As we enter the last two weeks of session, the Senate is working tirelessly to make sure there is time to devote attention to every essential bill. Bill introductions are no longer permitted at this point of the Legislative session, so senators are able to spend more time in committees, preparing pieces of legislation for floor readings. As the chairman for the Senate Committee on Health and Human Resources, I have personally been seeing to it that bills make it through this committee without issues.
The battle against the production of methamphetamine found success this past week with the passage of Senate Bill 6. This bill would regulate the sale of drugs used in the meth manufacturing process by requiring a prescription and providing over-the-counter substitutes that could not be used for illegal purposes. It has been sent to the House of Delegates, where it awaits consideration by the House Judiciary Committee.
The Committee on Health and Human Resources had a successful week, approving of several bills that we hope will positively impact West Virginians. Senate Bill 366 would transfer the Children’s Health Insurance Program (CHIP) from the Department of Administration to the Department of Health and Human Resources. This program provides health services to needy children who are eligible. Since DHHR is already overseeing the insurance program, it makes sense to combine to save overhead and tax dollars.
Senate Bill 419 would create the Overdose Prevention Act. I believe this bill is necessary in order to cut down on these tragic occurrences that have affected so many families across the state. The Overdose Prevention Act would provide immunity from certain offenses for a person who seeks emergency assistance for someone who is experiencing an overdose. This incentive would save lives, rather than having those present who are too fearful of the consequences to do the right thing and seek help.
Senate Bill 599 would lift the existing moratorium on existing nursing home beds. We have an aging population, and therefore this is needed. Health care facilities would be able to apply for a certificate if they are subject to a certificate of need requirements. The state agency would receive the certification application and notify the Bureau for Medical Services, who would submit a financial impact statement. The state agency would take the statement into consideration and make their decision based on that.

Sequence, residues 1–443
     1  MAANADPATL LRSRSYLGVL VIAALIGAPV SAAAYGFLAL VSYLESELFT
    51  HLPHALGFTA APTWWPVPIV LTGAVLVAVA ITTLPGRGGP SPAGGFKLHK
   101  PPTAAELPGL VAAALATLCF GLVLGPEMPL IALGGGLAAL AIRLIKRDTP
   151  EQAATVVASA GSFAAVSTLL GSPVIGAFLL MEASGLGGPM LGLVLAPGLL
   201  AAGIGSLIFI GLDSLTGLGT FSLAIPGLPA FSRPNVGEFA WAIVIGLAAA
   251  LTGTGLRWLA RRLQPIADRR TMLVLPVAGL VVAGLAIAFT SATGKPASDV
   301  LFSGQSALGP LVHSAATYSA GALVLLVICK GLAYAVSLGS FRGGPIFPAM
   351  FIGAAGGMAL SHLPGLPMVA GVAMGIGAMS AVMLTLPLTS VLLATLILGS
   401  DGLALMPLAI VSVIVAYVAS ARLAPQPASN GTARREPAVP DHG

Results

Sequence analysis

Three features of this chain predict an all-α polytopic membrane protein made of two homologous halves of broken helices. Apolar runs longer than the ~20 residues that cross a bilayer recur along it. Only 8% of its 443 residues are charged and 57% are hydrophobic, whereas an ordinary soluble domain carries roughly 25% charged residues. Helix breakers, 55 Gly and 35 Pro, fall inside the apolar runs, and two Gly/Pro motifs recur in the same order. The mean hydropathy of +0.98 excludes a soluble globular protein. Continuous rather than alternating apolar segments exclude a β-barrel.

In an effort to increase transparency and reduce confusion in hospitals, Senate Bill 602 has been passed by the Committee on Health and Human Resources as well. To give patients a better understanding of one’s title and qualifications, all health care providers would be required to wear identification badges. With all the worries one has in a hospital, confidence in a health care provider should not be one of them.
In Senate Finance, Senate Bill 379 passed, allowing for county officials to have a pay raise. The last raise county officials received was in 2001. Senate Bill 391 also passed Senate Finance. This bill gives teachers an across the board 2% pay raise. Both bills head to the Senate Floor for a vote.
It was my pleasure to welcome Boone County residents to the Capitol recently. Several Boone County Veterans stopped by for Veterans Visibility Day, including: Glen Alkire, Frank Miller, Curtis Mayhorn, Stanley Meeks, Larry Rice, Babe Halstead, Gary Dolin, and Maurice Gagnon. Spruce River Volunteer Firefighters stopped by as well, so I would like to thank William Woods, Erica Likens, Aaron Engle, and Larry Derek Kennedy. The Senate also had several pages from Boone this week, including Nathaniel Hunting and Jared Roberts from Hamlin PK-8 and Madison Lambert, Anna Halstead and Hannah Guthrie from Whitesville Elementary. I would like to thank all of these people for being excellent representatives of our county in their own ways.
As always, if my constituents have any questions, feel free to contact me. I am located in room 434M in Building 1 of the State Capitol Complex at 1900 Kanawha Boulevard East, Charleston, WV 25305. My telephone number is 304-357-7939 and my email is email@example.com.